Ty Webb

Hostage to Fortune
Dec 10, 2001
Total Time
This subject gets a fair amount of play on
this board every winter, perhaps you can
find some past info by searching for the
subject, if you haven't already.

I looked into it pretty extensively a few
years ago, went over there a few times,
and got a couple of offers. I didn't end up
taking it; worked out of Lauderdale
instead. Here's a very condensed version
of what I found, search and maybe you
can find more. This info is four years old, but things change slowly in the islands.

1) Season is from November 'til April, with
some layoffs at the end of season.

2) Many of the carriers are scheduled
operators, even if it is just a beat-up
Aztec. That means you must have an ATP
to fly PIC for this type of operation, and
island operators do not give up a potential
pax seat to have SIC's . . .

3) If you have less than 1200tt (non-sched
PIC IFR mins) you will need to find
companies flying aircraft that require a
SIC, like a DC3, DHC-6, Trislander (don't
ask) or similar. These jobs will usually go
to locals, but you never know.

4) Most activity in the Caribbean is
centered out of San Juan, PR. The best
way (almost the only way) is to go there,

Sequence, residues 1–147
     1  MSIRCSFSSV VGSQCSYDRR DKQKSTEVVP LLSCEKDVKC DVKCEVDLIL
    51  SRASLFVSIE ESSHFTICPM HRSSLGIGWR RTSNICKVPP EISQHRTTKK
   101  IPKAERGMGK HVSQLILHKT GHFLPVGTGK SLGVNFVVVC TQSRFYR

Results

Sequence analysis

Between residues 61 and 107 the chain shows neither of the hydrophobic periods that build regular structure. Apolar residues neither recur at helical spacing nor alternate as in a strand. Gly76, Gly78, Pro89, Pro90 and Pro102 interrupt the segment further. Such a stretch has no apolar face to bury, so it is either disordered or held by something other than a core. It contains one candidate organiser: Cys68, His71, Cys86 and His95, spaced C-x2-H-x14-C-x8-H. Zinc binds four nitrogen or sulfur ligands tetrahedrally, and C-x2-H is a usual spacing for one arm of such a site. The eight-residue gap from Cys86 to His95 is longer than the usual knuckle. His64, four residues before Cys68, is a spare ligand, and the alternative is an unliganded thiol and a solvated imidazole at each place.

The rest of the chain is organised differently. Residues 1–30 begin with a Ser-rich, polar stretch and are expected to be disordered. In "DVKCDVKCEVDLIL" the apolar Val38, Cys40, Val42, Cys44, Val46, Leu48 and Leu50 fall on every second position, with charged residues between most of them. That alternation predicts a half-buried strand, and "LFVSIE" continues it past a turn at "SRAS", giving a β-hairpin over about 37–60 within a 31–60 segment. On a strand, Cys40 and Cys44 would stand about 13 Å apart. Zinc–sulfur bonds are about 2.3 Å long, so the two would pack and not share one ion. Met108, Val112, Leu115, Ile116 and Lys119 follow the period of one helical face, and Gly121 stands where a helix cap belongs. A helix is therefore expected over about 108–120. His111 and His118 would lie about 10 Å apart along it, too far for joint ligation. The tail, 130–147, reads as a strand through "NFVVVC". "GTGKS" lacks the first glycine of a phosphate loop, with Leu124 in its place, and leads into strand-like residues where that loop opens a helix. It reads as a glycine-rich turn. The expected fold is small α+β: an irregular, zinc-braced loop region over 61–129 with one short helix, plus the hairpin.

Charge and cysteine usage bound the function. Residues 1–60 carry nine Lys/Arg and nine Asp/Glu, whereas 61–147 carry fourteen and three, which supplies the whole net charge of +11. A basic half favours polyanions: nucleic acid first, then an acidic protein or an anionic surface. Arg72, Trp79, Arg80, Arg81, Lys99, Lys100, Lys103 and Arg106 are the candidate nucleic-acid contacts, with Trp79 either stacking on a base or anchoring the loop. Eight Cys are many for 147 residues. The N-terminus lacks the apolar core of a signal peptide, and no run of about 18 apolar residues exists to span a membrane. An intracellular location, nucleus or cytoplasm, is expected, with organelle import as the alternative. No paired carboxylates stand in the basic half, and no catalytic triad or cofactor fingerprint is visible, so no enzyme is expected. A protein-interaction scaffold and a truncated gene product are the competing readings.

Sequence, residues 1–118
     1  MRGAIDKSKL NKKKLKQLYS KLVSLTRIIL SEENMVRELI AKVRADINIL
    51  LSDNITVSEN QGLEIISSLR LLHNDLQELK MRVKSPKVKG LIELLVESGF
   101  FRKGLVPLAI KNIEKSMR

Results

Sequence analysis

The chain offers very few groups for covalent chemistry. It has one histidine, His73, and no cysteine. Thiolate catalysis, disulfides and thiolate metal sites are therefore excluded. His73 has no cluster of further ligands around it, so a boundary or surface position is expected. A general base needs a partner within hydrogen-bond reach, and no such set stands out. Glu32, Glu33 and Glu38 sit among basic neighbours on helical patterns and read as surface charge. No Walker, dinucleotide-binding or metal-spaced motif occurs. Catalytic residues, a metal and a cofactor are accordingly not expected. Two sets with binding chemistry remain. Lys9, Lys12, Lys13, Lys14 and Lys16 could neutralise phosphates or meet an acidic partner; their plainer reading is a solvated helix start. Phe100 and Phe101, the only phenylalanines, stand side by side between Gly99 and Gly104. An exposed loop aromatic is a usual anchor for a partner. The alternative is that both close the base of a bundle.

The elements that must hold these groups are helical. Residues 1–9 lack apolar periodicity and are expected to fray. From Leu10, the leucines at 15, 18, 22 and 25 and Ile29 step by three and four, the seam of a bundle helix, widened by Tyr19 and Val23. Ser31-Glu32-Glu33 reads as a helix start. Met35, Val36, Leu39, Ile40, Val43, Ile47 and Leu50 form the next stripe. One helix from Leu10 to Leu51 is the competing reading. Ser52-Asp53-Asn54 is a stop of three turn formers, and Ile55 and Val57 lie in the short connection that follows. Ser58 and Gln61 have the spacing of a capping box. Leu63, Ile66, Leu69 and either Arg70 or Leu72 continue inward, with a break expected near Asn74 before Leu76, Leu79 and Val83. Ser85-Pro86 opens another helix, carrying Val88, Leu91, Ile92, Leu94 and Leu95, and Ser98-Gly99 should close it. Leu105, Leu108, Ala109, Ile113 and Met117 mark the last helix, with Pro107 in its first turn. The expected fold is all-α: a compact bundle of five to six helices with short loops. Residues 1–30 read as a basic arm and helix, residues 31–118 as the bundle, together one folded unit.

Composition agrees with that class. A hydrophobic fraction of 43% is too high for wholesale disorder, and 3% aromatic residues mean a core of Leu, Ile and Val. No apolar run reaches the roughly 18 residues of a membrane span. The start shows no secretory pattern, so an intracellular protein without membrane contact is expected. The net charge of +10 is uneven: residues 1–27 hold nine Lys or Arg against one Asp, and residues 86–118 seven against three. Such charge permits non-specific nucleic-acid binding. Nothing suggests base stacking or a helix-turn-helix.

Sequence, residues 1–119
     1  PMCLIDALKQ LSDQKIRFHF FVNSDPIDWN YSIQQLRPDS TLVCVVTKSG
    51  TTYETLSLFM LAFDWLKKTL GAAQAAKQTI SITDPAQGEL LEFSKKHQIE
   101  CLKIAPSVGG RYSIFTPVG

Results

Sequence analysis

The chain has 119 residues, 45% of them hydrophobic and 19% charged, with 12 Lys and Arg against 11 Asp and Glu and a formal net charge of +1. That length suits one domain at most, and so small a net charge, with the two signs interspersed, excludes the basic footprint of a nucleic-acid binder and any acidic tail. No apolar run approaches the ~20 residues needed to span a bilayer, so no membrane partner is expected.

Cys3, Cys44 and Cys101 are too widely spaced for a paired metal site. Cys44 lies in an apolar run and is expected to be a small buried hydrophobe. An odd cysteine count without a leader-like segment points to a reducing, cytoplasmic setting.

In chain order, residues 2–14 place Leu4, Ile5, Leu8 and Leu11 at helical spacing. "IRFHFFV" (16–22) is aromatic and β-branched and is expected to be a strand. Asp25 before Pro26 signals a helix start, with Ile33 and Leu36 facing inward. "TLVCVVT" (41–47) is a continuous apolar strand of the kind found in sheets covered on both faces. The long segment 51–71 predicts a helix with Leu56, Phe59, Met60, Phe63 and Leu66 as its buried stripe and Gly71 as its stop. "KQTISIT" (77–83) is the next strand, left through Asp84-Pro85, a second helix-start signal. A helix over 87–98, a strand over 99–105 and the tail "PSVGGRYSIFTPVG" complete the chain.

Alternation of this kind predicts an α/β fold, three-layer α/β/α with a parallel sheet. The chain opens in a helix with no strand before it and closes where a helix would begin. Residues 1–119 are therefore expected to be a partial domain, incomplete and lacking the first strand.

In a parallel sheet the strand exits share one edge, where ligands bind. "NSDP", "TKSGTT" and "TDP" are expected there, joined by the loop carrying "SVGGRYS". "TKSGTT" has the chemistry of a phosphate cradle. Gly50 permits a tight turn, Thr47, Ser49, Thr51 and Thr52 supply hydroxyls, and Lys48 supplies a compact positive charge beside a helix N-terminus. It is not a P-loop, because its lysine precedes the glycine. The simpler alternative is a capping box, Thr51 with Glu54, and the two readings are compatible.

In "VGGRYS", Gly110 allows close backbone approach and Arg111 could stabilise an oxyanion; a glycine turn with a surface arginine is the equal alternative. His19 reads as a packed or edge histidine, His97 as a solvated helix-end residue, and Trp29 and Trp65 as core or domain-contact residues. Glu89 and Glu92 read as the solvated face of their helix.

and start knocking on doors. Go to the
charter terminal, and go dowsntairs. talk to
the pilots, see who is hiring. Don't forget to
go to Isla Grande airport, over by Old San
Juan. Don't be surprised if you run into
other pilots doing the same thing. Lots of
guys come over looking for work, few stay.
Expect to have to overcome this

5) Your best bet, if you want to live in the
islands and work as a pilot will be to work
for Eagle. You will have dependable pay,
jumpseat benefits, and the ability to
transfer out once you get over the whole
beach bum deal, which will eventually
happen[obviously, this has chenged, but there are still some commuters hiring down there, like Cape Air).

6) If I still haven't talked you out of it, go to
the RAA website (http://raa.org) and look in the member
directory. You'll find a directory of 135 and
121 cargo companies, some of which will
be in PR, with contact and fleet info.

Good Luck


Well-known member
Dec 5, 2001
Total Time
Belize flying!

I go to Belize all the time and a few operator down in that neck of the woods hire Americans. I know of one good one called Tropic Air. They fly 172,207, and a bunch of Caravans. No twin time but a lot of fun. Only three paved strips in the whole country and a lot of flying. The pay for the Caravans is like $25US and hour and that goes a ways in Belize. Don't need a car, and rent is relatively cheap. They usually start people with 500 hours in the 172, progress to the 207 at 1000 hours and 1500 hours and a one year contract puts you in the Caravan. The contract is because they send you to flight safety. No ATP required. It is Belizian CAA not 135 so you need a conversion which includes and short written test and the inspector looking at your log book. The chief pilot, CEO, and president are all Americans. Good operation, with good mx. Not restricted to island hopping. They do a lot of flying to Guatemala (Tikal).
Another company called Maya Island Air also flies the same places. They have a few islanders, a handful of Caravans, 172, 207, 182. They also hire Americans. I don't know a lot about them, but they are locally owned.
Good luck with the job hunt.